Part of London International Mime Festival
London, Barbican Theatre
28 January 2016
Gallery of pictures by Foteini Christofilopoulou
A gun-metal grey, wing-to-wing, wall of hammered steel foreshortened the dimly-lit stage of the Barbican Theatre. The small group of performers – men and women – might be prisoners in an exercise yard; or perhaps that wall symbolises confinement on a scale greater than a single penal institution: a barrier that separates states; of mind, as well as nationhood.
Greyness is an all-embracing colour palette for The Return, emphasised in the diverse loose clothing worn by these six inmates and/or refugees. Without the hindsight of reading the thematic intention behind this abstract work, I wondered if its purpose may have something to do with the double jeopardy faced by today’s refugees: they seek to regain their liberty by fleeing from tyranny only to lose it through incarceration in a “camp”, or worse, by drowning, or otherwise perishing, in their flight.
Post-performance, I learn that the work is loosely based upon Giacomo Badoaro’s libretto for Claudio Monteverdi’s seventeenth century opera, The Return of Ulysses to his Homeland (Il ritorno d’Ulisse in patria), which illustrates Ulysses’ struggle to reclaim his kingdom and his wife, Penelope, after a long absence in the Trojan wars. My appreciation of the work was unimpaired by the absence of this knowledge during the performance. It is one of those rare theatrical experiences that might easily suit many diverse interpretations.
To begin with, the performers appear as any ordinary people; that is, until they start to do extraordinary things. For this chapter of the London Mime Festival also marks the return of Circa, a well-established Australian company that blends circus arts into contemporary physical theatre with the minimum of fuss and apparatus.
All acrobats are exceptional but these combine stunning physical feats with an emotional intensity that sat well with my abstract notions of loss, flight, sea journeys and grief, much of which one can later read across to the libretto of Monteverdi’s opera (and, incidentally, since that disappeared without performance for two centuries, it also fits neatly with a notion of The Return).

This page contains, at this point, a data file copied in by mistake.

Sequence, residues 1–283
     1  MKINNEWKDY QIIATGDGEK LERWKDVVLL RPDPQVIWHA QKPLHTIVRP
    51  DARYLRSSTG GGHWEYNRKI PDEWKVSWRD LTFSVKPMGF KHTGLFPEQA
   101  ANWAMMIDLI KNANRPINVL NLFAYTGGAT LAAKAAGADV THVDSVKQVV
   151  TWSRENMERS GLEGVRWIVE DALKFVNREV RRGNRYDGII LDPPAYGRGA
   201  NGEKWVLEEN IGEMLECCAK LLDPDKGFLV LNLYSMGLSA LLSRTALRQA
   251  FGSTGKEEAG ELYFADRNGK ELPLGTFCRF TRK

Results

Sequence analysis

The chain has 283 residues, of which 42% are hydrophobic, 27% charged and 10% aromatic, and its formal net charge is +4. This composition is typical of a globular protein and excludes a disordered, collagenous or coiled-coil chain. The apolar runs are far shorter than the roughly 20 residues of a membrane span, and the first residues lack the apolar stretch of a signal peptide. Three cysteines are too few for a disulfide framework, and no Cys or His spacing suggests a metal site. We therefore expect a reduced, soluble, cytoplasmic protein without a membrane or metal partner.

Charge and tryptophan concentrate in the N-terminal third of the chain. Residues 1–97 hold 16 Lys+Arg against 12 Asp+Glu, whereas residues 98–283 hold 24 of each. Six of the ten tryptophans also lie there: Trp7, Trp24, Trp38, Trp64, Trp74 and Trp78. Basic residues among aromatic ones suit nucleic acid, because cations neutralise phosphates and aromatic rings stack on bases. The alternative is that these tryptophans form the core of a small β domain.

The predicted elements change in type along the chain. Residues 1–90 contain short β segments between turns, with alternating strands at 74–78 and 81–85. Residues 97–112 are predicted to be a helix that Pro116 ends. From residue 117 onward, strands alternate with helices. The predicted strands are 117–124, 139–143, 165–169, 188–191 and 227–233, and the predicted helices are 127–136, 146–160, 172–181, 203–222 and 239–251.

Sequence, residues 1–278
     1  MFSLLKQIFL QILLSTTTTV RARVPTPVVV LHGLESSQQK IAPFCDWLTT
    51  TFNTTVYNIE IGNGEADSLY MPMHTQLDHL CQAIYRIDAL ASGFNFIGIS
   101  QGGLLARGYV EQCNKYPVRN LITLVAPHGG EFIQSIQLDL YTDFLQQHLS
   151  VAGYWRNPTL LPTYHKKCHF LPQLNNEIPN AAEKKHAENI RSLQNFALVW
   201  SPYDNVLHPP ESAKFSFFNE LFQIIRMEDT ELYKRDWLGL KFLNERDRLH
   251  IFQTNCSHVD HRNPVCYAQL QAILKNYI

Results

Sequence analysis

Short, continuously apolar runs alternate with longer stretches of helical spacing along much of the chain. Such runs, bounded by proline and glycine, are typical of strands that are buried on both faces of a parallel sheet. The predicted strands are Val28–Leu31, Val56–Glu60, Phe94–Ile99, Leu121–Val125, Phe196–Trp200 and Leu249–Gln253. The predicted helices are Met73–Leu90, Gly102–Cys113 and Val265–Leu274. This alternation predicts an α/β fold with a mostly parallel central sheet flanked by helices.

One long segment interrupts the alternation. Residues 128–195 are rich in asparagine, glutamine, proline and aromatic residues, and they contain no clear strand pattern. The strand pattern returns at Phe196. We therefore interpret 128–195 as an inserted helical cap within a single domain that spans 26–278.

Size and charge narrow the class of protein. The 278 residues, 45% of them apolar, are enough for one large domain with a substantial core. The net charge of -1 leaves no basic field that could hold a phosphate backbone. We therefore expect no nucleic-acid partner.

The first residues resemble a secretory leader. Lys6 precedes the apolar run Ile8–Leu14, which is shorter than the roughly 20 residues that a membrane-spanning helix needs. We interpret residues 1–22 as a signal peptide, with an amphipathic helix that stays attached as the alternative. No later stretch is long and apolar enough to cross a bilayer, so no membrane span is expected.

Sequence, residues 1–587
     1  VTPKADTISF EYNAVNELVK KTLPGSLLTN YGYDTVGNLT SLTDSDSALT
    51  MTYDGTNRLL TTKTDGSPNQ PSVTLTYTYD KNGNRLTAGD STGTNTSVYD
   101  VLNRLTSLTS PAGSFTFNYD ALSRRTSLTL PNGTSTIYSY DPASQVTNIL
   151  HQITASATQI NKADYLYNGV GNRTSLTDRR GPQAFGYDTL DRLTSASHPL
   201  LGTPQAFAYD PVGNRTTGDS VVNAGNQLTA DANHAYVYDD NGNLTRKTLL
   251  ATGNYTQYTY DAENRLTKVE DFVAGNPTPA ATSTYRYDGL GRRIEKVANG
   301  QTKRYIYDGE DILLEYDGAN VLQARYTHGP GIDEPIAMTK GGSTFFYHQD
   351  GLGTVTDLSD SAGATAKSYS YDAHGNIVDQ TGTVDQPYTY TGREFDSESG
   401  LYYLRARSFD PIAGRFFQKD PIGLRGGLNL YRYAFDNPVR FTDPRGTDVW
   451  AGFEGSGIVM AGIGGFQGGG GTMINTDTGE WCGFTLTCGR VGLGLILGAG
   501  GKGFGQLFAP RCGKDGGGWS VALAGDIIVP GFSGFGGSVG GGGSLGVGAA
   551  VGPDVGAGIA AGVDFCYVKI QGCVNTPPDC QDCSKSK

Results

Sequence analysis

I may not have been transported to Ulysses’ Ithaca but I was arrested by the brilliant hand-to-hand dexterity, strength and partnered balances of these outstanding gymnasts. The small ensemble ran through what seemed like the whole catalogue of acrobatic arts in 70 minutes of epic endurance, not least for Nathan Boyle, the group’s stand-out ironman, whose deceptively lithe physique was the rock upon which most of the acrobalance depended: one especially memorable trick was to have a girl balanced, standing upright, on each bicep, while Boyle – also standing – looked nonchalantly into the distance.
There was an unbroken, seamless interaction between the performers, whether working in couples, in rare solo activity, split into trios or as a group, which required pinpoint accuracy in the collaborative timing of each individual. One stand-out solo was Bridie Hooper’s aerial routine, climbing, spiralling and falling – sometimes violently – with her body wrapped around and within the large ribbons of fabric.
The memorable sensory atmosphere of the work was both enhanced and interrupted by the live music onstage. The physical theatre is interlaced with four arias from Il ritorno d’Ulisse in patria, sung with resounding sentiment by Robert Murray and Kate Howden (I don’t know the opera but it’s a reasonable guess to assume that they sang in character as Ulysses and Penelope). Four other, living composers are credited for the rest of the score, which seems to consist of an electronic reduction and reassembly of the Monteverdi pieces and an entirely separate modernist cello solo. None of this worked as well as the physical theatre. The opera singers distracted attention from the movement and the electronic score was at such odds with the Monteverdi arias that – for me, at least – it pierced the envelope of my arrested consciousness on the plight of those refugees, or even, on later reflection, the homeward journey of Ulysses.
I love the Circa concept of contemporary circus-based theatre linked to classical music but, here, the musical side of the equation grows to become too complex and unwieldy, drawing our attention away from the main event. Less musical extravagance would have led to an even more satisfying theatrical experience.